Good job for you 🙂

  7. March 5, 2014 8:10 pm

    looks delicious! Cheese is my favorite food group…can’t wait to try this myself.

  8. March 5, 2014 8:12 pm

    Also….I’m posting a link to this on my blog. Your site is beautifully designed. Thanks for sharing!

  9. Deb Weyrich-Cody permalink
    February 27, 2015 4:43 pm

    Oh Allison, are you still making your own ricotta? Please don’t just “discard the whey”.
    Here are just a couple of references to whey from the Alive(dot)com [healthy living] website…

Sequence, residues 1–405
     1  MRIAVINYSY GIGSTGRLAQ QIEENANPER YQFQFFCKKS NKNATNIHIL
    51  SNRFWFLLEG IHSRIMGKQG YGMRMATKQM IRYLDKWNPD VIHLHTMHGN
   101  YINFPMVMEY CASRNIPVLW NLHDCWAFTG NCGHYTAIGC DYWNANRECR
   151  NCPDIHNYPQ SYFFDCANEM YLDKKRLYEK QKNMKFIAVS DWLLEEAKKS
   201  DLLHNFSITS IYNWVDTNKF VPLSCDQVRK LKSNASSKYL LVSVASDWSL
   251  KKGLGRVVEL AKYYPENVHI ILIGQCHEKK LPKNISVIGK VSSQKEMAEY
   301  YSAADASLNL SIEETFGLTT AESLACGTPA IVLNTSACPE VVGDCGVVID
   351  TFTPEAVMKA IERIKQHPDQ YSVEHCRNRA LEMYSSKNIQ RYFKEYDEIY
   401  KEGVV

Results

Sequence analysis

1) “Whey makes a delicious healthy drink. You may also save the whey (in fridge) for use in other recipes, such as making Sauerkraut or to bake bread.” 2) “Whey is the liquid remaining after making kefir, quark or cheese. Instead of throwing it out, use it to substitute liquids in baking, stir it into refreshing summer drinks or add it to soups for added nutrition and a slightly sour taste.” Bon appétit! Deb